Joel and Jimmy kick off the series with an episode about El Niño, that mysterious shift in warm ocean water that drives the whole planet bonkers every 2(ish) to 7(ish) years. They reflect on tiny changes and big effects, as well as how weather science (and science in general) is often a coin flip; heads is disaster, tails is disappointment.

Also: will we have a white Christmas? (Spoiler: for most of you, probably not)

If you would like to sponsor Ice Station Housman, let us know

Jimmy and Joel are both on the Internet, a series of tubes that good people use to do honest work and that bad people use to troll teenagers who do makeup tutorials on YouTube. 

Show Notes!

Introductions

El Niño on Wikipedia

What are El Niño and La Niña? from NOAA. 

Chris Farley's El Niño skit on Saturday Night Live.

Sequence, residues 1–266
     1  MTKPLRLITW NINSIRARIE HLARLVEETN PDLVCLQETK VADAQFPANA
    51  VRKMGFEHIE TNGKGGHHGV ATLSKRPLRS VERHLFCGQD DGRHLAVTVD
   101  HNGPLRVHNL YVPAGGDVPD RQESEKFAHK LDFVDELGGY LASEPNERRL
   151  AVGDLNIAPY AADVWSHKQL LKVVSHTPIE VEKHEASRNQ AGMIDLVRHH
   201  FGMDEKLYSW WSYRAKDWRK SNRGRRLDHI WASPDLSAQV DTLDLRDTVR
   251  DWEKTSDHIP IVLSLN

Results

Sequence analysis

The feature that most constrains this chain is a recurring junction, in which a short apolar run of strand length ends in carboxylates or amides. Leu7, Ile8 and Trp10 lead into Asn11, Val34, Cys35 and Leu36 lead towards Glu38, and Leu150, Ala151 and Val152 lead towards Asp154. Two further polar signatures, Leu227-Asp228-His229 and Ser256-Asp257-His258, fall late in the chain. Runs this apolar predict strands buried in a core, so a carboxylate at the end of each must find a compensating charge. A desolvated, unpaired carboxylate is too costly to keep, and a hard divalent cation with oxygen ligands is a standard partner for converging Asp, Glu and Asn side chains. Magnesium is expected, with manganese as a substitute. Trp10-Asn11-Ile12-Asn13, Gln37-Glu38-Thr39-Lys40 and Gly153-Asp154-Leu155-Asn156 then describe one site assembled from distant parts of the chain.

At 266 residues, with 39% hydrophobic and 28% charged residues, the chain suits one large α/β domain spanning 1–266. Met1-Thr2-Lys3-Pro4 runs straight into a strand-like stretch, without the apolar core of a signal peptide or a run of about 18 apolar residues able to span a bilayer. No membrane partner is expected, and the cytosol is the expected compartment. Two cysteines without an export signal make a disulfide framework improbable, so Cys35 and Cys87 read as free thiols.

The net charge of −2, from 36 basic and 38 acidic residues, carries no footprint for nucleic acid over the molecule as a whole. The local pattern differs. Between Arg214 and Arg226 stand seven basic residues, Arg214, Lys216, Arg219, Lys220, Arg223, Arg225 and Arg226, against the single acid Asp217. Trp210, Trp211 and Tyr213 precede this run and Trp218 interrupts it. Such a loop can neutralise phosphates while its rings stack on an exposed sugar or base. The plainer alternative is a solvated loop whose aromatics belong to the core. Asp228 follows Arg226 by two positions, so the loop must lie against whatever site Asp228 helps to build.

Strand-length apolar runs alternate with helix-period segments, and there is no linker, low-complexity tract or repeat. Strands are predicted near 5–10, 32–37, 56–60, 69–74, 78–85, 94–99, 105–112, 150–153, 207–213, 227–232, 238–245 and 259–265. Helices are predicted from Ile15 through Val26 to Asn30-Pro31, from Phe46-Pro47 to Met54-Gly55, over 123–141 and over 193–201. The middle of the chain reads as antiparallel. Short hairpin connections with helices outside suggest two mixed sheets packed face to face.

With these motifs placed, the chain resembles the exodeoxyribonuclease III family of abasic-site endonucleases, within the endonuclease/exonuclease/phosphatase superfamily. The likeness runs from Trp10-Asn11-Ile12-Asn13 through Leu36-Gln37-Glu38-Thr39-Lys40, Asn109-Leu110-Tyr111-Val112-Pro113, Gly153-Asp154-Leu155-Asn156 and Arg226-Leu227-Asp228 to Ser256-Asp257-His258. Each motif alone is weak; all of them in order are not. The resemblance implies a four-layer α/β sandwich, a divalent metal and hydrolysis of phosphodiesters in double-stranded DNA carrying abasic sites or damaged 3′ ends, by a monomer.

National Oceanic and Atmospheric Administration El Niño Portal

The NOAA ENSO Blog

Wunderground's El Niño Blog (A truly excellent blog)

What does El Niño mean for the 2015-2016 Winter by Weather.com

November El Niño update: It’s a small world from climate.gov.

Historical White Christmas Chances

Weatherbell.com - a truly excellent, but premium, weather model products site.

El Niño and the Galápagos from climate.gov (we forgot to talk about this in the show, but there is some very cool information here. Check it out).

By one measure, this wicked El Niño is the strongest ever recorded: What it means by Capital Weather Gang (Check out the video in this post - only takes about 3 minutes to watch but does a very good job of giving you a quick, high level explanation of El Niño).

Is the near-record El Niño already chipping away at the California, western drought? by Capital Wearther Gang.

This remarkably strong El Niño has topped yet another significant record by Capital Weather Gang.

Past weather patterns highlight the difference between snow boom or snow bust during a strong El Nino in D.C. by Ian Livingston.

Survey photos reveal damage of this year’s global coral bleaching event from climate.gov

US Drought Monitor Website

El Nino brings 2nd venomous sea snake to California beaches from the Oregonian (another item we forgot to cover. Still, cool though so check it out).

 

 

 

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